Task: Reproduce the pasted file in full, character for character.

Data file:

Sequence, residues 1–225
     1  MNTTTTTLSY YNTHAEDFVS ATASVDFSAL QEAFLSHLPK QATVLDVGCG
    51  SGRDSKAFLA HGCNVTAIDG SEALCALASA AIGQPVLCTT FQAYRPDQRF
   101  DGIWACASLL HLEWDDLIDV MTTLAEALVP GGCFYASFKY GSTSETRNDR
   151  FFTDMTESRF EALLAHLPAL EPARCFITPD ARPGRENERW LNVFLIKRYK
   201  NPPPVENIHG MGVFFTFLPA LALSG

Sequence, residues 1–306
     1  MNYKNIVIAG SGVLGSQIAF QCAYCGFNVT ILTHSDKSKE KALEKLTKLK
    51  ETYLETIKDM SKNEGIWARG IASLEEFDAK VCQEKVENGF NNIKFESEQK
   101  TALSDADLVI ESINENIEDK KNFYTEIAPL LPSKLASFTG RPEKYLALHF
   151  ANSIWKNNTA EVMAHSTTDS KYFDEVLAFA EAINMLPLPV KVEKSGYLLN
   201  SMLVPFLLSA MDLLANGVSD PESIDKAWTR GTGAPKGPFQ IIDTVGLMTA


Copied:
Sequence, residues 1–225
     1  MNTTTTTLSY YNTHAEDFVS ATASVDFSAL QEAFLSHLPK QATVLDVGCG
    51  SGRDSKAFLA HGCNVTAIDG SEALCALASA AIGQPVLCTT FQAYRPDQRF
   101  DGIWACASLL HLEWDDLIDV MTTLAEALVP GGCFYASFKY GSTSETRNDR
   151  FFTDMTESRF EALLAHLPAL EPARCFITPD ARPGRENERW LNVFLIKRYK
   201  NPPPVENIHG MGVFFTFLPA LALSG

Sequence, residues 1–306
     1  MNYKNIVIAG SGVLGSQIAF QCAYCGFNVT ILTHSDKSKE KALEKLTKLK
    51  ETYLETIKDM SKNEGIWARG IASLEEFDAK VCQEKVENGF NNIKFESEQK
   101  TALSDADLVI ESINENIEDK KNFYTEIAPL LPSKLASFTG RPEKYLALHF
   151  ANSIWKNNTA EVMAHSTTDS KYFDEVLAFA EAINMLPLPV KVEKSGYLLN
   201  SMLVPFLLSA MDLLANGVSD PESIDKAWTR GTGAPKGPFQ IIDTVGLMTA